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How to Provide a Secure Environment for Your Cat: 8 Simple Tips

Written by: Kit Copson

Last Updated on February 8, 2024 by Catster Editorial Team

siberian cat lying on the rug inside the house

How to Provide a Secure Environment for Your Cat: 8 Simple Tips

Cats are tough animals, but they’re also very sensitive, which means it’s our responsibility to make them feel safe and secure. In addition to cat-proofing your house to protect against physical hazards, you also need to consider your cat’s emotional health and how to create an environment in which there are plenty of enrichment opportunities and chances for your cat to act out their natural behaviors.

In this guide, we’ll cover everything from tips on cat-proofing your home to how to make your cat feel more confident and secure in your home.

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The 8 Tips to Provide a Secure Environment for Your Cat

1. Cat-Proof Your Home

Physical safety is a big factor to take into account when you bring a new feline friend home, so you’ll want to start scoping out potential hazards in your home. Once you’ve identified the risks, think about how you can ensure your cat doesn’t end up injured or worse.

For example, if you tend to leave out cleaning products (like chemical cleaners, bleaches, etc.) or other potentially dangerous chemicals like antifreeze, start locking them away when they’re not in use. As a heads-up, here are other potential cat hazards that can be found around the home:

  • Electrical wires (some cats chew on these)
  • Wobbly furniture
  • Breakable objects
  • Toxic plants
  • Some human foods
  • Alcohol
  • Sharp objects
  • Medications
  • Windows (especially those on the upper floors)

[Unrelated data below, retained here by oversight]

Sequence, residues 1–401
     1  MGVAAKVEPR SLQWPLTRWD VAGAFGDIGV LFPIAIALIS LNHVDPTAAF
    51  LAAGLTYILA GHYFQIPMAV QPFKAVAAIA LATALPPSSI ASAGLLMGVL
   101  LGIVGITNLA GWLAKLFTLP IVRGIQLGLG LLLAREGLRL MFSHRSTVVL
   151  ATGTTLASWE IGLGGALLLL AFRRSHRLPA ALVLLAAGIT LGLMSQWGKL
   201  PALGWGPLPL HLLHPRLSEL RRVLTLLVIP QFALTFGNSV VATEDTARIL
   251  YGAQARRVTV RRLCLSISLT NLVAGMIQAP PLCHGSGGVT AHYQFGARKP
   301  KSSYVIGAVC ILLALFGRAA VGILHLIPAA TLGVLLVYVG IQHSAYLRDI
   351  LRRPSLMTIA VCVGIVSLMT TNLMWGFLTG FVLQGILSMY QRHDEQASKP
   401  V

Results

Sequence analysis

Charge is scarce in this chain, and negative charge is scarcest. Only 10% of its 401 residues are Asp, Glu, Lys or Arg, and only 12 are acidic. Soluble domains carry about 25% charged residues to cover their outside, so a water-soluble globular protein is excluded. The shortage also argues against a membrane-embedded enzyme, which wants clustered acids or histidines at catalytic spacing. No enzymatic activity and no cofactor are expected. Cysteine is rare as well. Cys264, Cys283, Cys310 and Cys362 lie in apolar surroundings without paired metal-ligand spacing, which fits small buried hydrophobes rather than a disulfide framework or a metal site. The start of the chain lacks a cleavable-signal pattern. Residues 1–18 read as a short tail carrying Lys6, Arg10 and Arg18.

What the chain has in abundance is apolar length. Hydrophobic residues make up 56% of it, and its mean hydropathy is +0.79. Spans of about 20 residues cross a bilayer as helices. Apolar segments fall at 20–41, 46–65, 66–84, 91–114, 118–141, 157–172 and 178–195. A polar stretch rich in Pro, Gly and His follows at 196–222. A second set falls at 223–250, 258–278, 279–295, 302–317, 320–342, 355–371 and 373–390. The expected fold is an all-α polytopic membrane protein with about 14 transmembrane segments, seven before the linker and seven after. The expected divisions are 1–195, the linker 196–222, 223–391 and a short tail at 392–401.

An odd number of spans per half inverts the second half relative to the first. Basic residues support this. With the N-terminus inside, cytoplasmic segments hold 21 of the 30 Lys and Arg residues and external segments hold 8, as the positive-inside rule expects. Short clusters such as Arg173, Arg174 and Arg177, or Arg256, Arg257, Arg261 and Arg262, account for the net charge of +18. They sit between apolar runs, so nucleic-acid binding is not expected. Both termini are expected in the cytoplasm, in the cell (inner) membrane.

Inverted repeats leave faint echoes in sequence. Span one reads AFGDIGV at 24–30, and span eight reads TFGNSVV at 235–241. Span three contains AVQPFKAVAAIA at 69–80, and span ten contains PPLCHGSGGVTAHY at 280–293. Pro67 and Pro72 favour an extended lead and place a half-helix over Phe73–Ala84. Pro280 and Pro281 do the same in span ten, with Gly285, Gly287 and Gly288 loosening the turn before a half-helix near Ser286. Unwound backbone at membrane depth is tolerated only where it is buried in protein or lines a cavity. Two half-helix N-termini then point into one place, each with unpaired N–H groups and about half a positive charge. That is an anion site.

• Insecticides
  • Essential oils
  • Liquid potpourri
  • Paints, solvents, and adhesives
  • Washing machines (some cats may try to nap in these)

Image Credit: Nils Jacobi, Shutterstock

2. Get into a Routine

Cats are the ultimate creatures of habit, so routines give them a strong sense of security and reduce their stress. Things that may seem small to us, like moving the litter box to another room, changing the type of litter, or suddenly switching up mealtimes, can easily disrupt the sense of routine and predictability that cats thrive on.

Sticking to a routine with your cats goes beyond feeding and playing with them at the same time daily (though this is also essential). It also means keeping a sense of calm in the house, avoiding moving things (like litter boxes, cat beds, or food bowls) around too much, ensuring the litter box is always clean, and setting and consistently sticking to boundaries (like your cat not being allowed in certain areas).

If you have no choice but to change your cat’s routine in some way, try to do it gradually rather than suddenly. For example, if you need to change to feeding at an earlier time, start feeding them slightly earlier each day until you get to the ideal time.

3. Give Kitty Space

Even cats that love spending time with their humans need to retreat to their own space from time to time. This is especially important when you have guests or workers coming around and expect the house to be more chaotic than usual.

You can provide your cat with their own space by ensuring they always have access to their favorite quiet area in your home, whether that be a bedroom, bathroom, or storage room. Make the area comfortable by putting their bed inside it. When guests come around, don’t force your cat to come and socialize—let them do it at their own pace if they show interest.

Two cats are lying on the floor. Gray cats are playing with a laser pointer.
Image Credit: Wanda_Lizm, Shutterstock

4. Use Interactive Toys

Giving your cat enough opportunities to release pent-up energy with interactive play is perfect for reducing their stress levels and helping them feel secure. Schedule a few play sessions every day (at around the same times) with toys like chaser wands, throw toys (some cats love to play fetch), and puzzle feeders.